On April 4, Jubilee 2000/Zambia came out against World Bank loans for anti-HIV/AIDS efforts, noting that Zambia will lose more lives as a result of servicing the debts of the new loans they are being encouraged to borrow.
16 March -- Letter to the US Congress from Oxfam America urging inclusion of $240 m. in the FY 2002 budget for debt relief for the world's poorest countries. This is the next-to-last payment in fulfillment of the US commitment to the Cologne Agreement. An additional $135 m. will be necessary in FY 2003.
23 March -- Letter to the US Congress from the US Network for Global Justice and the 50 Years is Enough Campaign urging 100% cancellation of the debts, without structural adjustment conditions attached, held by the International Monetary Fund (IMF) and the World Bank, which are attributed to impoverished countries.
28 March -- Testimony of Faith Action for People Centered Development before the House Appropriations Subcommittee on Foreign Operations. The testimony urged the US to increase its foreign assistance for HIV/AIDS, education-especially for girls, debt relief, migrant and refugee needs, and conflict resolution, peacekeeping and landmines.
30 March -- Letter to Mr. John F. Mizrock, President/CEO of the World Environment Center from the Movement for the Survival of the Ogoni People (MOSOP). The letter protested the WEC according its Environmental Quality Award to the Royal Dutch Shell oil company given Shell's devastating impact on the communities and environment of the Niger Delta region of Nigeria.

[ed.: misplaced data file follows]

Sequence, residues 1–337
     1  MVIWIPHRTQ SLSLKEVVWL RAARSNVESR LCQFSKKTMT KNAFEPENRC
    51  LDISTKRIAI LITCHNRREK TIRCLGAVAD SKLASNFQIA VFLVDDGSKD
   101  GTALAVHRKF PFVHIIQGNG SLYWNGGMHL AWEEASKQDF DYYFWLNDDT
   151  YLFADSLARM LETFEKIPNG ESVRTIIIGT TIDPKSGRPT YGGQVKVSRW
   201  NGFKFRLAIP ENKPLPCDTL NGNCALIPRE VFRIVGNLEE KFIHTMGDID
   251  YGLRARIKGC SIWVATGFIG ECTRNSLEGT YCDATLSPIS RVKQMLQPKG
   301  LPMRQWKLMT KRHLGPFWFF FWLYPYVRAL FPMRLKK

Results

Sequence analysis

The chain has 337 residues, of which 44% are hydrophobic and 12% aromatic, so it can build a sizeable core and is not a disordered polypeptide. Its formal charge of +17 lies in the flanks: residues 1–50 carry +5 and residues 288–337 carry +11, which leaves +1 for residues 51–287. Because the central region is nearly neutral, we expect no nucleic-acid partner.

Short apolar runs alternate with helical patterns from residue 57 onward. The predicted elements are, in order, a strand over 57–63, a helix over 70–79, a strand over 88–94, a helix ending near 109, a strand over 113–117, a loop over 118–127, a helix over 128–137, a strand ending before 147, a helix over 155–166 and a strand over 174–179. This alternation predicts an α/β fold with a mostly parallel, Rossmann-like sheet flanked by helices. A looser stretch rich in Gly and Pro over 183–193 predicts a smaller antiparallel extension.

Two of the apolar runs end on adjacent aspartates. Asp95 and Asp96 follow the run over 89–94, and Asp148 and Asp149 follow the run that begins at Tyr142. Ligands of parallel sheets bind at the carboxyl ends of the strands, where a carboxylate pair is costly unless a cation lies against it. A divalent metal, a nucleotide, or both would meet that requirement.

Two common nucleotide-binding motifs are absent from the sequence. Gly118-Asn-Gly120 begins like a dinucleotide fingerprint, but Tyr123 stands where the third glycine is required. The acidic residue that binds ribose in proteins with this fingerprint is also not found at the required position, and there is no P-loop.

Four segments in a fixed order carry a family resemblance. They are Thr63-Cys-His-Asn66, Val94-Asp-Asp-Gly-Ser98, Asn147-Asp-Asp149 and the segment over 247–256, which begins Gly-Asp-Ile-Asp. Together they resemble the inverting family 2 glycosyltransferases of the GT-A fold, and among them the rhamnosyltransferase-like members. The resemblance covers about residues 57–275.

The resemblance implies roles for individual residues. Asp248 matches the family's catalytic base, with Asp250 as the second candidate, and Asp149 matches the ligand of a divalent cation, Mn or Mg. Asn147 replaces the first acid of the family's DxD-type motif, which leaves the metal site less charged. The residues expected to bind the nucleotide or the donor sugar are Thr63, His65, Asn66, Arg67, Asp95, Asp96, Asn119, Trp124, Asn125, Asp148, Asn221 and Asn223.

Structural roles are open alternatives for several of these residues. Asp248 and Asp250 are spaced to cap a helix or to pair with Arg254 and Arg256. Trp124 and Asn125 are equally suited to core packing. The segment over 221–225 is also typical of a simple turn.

10 April -- Declaration of Support for African Small-Holder Farmers, an AFJN initiated effort on behalf of farmers' rights and the protection of African agricultural genetic resources. The declaration supports the OAU in confronting World Trade Organization (WTO) provisions that would privatize traditional African agricultural resources and knowledge through the Trade Related Aspects of Intellectual Property Rights (TRIPS) agreement.
16 April -- Letter to the US Treasury Department Undersecretary for International Affairs from Africa Action (formerly Africa Policy Information Center) objecting to IMF attempts to prevent the Mozambican Government from protecting its vial cashew nut farmers and industry.
17 April -- Letter to members of the Chairman's Contact Group, which is negotiating the revised International Undertaking on Plant Genetic Resources for Food and Agriculture from international NGO organizations. The letter urges the negotiators, under the auspices of the UN Food and Agricultural Organization, to ensure that seeds, plants and other agriculture genetic resources remain in the public domain, safe from privatization through WTO and other Intellectual Property Rights provisions.